Adding to the Chinookan etymology of p’ə́q

hit

(Image source: Amazon)

In these pages, previously…

…I’ve written about probable alternations between “M” sounds and “P” (or even “B”) sounds in the lower Columbia River region.

  • A well-known example is “Multnomah”, the name of a tribe and its locality not far from modern Portland, Oregon. Historically, the name was sometimes documented as “Multnobah” in local Chinookan people’s pronunciation.
  • Also I’ve written about how Grand Ronde Chinuk Wawa pʰík’w ‘back (of body)’ is likely from the same Chinookan source as older CW < e[-]meek > ‘back’, as well as having a Salish etymology.
  • I’ve also noted that Quinault miy[-]u ‘bee’ may be a loan from English.

I believe we have at least one more example where “M” and “P” alternate: the etymology of Jargon p’ə́q ‘hit’.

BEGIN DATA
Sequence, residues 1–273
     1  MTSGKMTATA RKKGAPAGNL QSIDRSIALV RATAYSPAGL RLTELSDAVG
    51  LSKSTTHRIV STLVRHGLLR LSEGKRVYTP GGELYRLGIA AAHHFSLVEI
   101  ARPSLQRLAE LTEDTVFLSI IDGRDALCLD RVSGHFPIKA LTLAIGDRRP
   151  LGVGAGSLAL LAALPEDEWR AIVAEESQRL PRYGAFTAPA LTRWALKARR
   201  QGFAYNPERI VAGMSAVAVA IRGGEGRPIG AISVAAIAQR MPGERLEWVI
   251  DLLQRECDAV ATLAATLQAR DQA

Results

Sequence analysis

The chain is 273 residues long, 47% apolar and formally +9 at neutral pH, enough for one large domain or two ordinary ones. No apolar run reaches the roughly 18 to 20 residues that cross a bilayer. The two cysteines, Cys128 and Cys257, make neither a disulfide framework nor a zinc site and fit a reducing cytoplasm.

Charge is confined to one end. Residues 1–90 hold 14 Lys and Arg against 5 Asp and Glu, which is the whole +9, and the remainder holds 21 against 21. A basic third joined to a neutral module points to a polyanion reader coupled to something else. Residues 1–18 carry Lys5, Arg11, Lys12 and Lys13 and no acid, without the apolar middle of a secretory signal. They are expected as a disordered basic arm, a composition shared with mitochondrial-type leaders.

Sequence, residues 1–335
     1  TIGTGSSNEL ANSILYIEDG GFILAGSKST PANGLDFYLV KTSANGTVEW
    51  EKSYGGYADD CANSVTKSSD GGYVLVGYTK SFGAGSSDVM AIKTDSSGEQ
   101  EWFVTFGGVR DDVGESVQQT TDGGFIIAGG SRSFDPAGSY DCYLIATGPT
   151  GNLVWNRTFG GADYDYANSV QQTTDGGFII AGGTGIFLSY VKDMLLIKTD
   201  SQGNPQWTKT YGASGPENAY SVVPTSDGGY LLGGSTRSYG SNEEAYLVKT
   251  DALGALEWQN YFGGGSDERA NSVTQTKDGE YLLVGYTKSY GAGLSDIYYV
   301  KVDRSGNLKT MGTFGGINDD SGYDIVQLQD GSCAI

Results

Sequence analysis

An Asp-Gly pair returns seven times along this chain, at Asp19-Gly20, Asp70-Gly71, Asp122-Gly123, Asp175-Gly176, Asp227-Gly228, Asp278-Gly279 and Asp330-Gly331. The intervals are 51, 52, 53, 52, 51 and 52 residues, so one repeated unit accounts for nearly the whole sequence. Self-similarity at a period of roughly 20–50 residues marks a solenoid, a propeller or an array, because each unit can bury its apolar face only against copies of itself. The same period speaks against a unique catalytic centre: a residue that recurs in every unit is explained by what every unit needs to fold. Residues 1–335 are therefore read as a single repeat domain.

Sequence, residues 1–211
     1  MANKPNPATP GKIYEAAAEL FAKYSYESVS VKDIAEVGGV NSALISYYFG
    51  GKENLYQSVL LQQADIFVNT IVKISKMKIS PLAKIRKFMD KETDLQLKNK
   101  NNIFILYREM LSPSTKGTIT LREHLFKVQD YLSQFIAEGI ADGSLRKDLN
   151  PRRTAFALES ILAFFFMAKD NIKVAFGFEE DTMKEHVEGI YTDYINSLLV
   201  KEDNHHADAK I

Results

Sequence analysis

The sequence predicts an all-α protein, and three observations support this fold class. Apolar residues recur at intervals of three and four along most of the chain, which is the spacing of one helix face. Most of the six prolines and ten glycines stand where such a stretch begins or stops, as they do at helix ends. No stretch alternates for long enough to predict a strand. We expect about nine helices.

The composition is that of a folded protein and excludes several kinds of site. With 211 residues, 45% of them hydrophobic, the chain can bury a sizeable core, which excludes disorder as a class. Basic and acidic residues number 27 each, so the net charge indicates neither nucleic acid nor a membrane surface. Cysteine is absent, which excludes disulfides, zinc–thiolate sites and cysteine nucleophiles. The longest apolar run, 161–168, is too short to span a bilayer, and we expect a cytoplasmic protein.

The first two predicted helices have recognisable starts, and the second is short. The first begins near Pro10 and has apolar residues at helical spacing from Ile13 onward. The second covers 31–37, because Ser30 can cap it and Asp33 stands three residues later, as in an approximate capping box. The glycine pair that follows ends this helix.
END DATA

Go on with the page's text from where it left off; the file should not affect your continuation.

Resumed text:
The 2012 Grand Ronde dictionary finds an excellent source in Lower Chinookan that I’m not arguing with: the Kathlamet particle p’aq ‘slap’.

I have details to add to that, though. Also in Lower Chinookan, we find “M” versions that bolster the preceding etymology:

  • Shoalwater-Clatsop: Franz Boas 1910:600 -maʔ ‘act of hitting ( = to hit)’ implies an underlying -maq by regular sound changes
  • Kathlamet: -maq

Notably, Upper Chinookan languages appear to have a rather different verb root for ‘hit’:

It’s not unimaginable that these two forms are related to -maq; for a linguist it’s not hard to see that they might be historically from /im(a)q/.

But the point today is, we’re able to find even more evidence of the Lower Chinookan source of CW p’əq, because we know a fair amount about Lower Chinookan phonological rules.

How does that strike you?